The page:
Given this, how many kilometers ahead along Earth’s orbit did the team need to aim the laser?

› Learn more about Deep Space Optical Communications

An orange cat chasing the squiggly line of a laser pointer is shown in an inset at the end of a laser signal. The signal is travelling from the Psyche spacecraft and pointed ahead of Earth along its orbit.

Image credit: NASA/JPL-Caltech | + Expand image

Daring Deflection

The asteroid Dimorphos has a mass of about 4.3 billion kg and orbits the larger Didymos asteroid, which has a mass of 560 billion kg. In 2022, the DART spacecraft impacted Dimorphos to see if it was possible to change its orbit.

Before the impact, Dimorphos orbited Didymos every 11 hours and 55 minutes at a distance of 1.16 km in a nearly circular orbit with an eccentricity (e) of 0. After impact, Dimorphos orbited Didymos every 11 hours and 23 minutes with an eccentricity of 0.02. Use Kepler’s third law to calculate the semi-major axis (a) of the new orbit, given that T = 2π√(a3/GM).

T = orbital period in seconds
a = semi-major axis in meters
G = gravitational constant (6.674×10−11 N⋅m2/kg2)
M = total mass of the binary system

Use the semi-major axis and eccentricity to calculate Dimorphos’ farthest distance from Didymos (apoapsis = a(1+e)) and closest distance to Didymos (periapsis = a(1-e)). How do these differ from the circular orbit?

› Learn more about the DART mission

A spacecraft flies toward a small asteroid orbiting a larger asteroid along partially overlapping paths with different eccentricities labeled original orbit and new orbit. Extending down from the new orbit, past the center of the large central asteroid, is a line labeled semi-major axis. An inset wrapping around the small asteroid and the portion of the orbits that overlaps is labeled DART Impact – September 2022.

Image credit: NASA/JPL-Caltech | + Expand image

Orbit Observation

NISAR is an Earth-orbiting satellite mission designed to measure centimeter-scale movements and other changes of Earth's land- and ice-covered surfaces twice every 12 days – a scale of coverage and sampling never before achieved.

Using a technique called Synthetic Aperture Radar, NISAR will produce more than 85 terabytes of data products every day (1 TB = 1,000 gigabytes) that will allow scientists to better monitor and mitigate natural disasters and understand the effects of climate change.

NISAR has an imaging swath of 240 kilometers, but the ground track spacing is 231 km to allow overlap between swaths. Given that Earth’s radius is 6,371 km, how many orbits are executed in one day? How much data is produced per orbit on average?

› Learn more about the NISAR mission

A radar beam extends downward from a spacecraft that is passing over Earth's horizon and coming toward the observer. The beam touches Earth's surface perpendicular to the path of the spacecraft, forming a swath. An inset shows Earth with multiple swaths that wrap around the planet like a ribbon.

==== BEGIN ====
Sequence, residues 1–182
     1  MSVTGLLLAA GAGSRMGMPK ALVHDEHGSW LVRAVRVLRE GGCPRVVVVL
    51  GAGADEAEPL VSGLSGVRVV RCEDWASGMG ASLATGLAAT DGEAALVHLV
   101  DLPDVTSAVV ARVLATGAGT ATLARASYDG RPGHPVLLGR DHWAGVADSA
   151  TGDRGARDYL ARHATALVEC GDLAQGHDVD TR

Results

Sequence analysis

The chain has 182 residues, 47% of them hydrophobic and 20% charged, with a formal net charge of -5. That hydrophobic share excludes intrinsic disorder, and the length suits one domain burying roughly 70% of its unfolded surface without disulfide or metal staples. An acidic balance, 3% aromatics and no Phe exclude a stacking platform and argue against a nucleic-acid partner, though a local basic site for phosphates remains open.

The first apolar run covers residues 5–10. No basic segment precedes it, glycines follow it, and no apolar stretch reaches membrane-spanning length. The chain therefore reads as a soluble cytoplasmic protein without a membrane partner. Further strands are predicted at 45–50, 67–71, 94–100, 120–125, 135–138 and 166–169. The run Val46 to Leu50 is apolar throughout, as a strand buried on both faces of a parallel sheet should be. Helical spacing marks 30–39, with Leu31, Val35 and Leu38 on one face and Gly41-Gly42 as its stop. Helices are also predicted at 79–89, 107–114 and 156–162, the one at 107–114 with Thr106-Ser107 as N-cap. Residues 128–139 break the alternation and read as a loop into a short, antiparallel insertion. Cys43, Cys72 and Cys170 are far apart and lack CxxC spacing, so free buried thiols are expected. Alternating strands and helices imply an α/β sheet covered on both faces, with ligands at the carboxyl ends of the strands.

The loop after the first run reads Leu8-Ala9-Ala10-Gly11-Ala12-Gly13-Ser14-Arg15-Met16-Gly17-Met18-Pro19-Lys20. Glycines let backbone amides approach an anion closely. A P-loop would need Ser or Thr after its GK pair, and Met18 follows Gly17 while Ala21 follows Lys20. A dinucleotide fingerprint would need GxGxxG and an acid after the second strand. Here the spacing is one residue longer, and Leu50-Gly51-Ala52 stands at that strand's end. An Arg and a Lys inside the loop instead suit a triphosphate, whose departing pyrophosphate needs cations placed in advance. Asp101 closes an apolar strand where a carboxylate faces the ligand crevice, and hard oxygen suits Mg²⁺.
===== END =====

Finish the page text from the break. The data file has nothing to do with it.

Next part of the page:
Image credit: NASA/JPL-Caltech | + Expand image

Moon Mappers

NASA’s CADRE project is made up of a network of three small rovers. The rovers are designed to work together to create a 3D map of a scientifically intriguing area of the Moon's surface known as Reiner Gamma. Communicating with each other and a base station aboard a lunar lander, the rovers will be largely autonomous, making decisions and acting without the need for constant human intervention.

Each suitcase-size rover has a field of view that is about π/2 radians wide, and its sensors can accurately map as far as 2 meters ahead. Assuming the rovers drive in a “lawnmower” pattern, how far does each rover have to drive to survey its portion of a 20 m x 20 m square of the Moon’s surface?

› Learn more about the CADRE project

A sensor beam in the shape of a sector of a circle extends from the eye-like cameras of a small lunar rover. The angle measure of the sector is π/2 and the length of the segment radius is 2 meters. An inset depicts three rovers inside a square area driving in a lawnmower pattern – going horizontally, turning vertically, then driving horizontally in the other direction.

Image credit: NASA/JPL-Caltech | + Expand image

Infographic of all of the Pi in the Sky 11 graphics and problems

Image credit: NASA/JPL-Caltech | + Expand image


Illustrated answer key for the Pi in the Sky 11 Math Problem Set

Image credit: NASA/JPL-Caltech | + Expand image

Download text-only answer key (doc)


Pi Day Resources

Related Lessons for Educators

Related Activities for Students

Recursos en español

Facts and Figures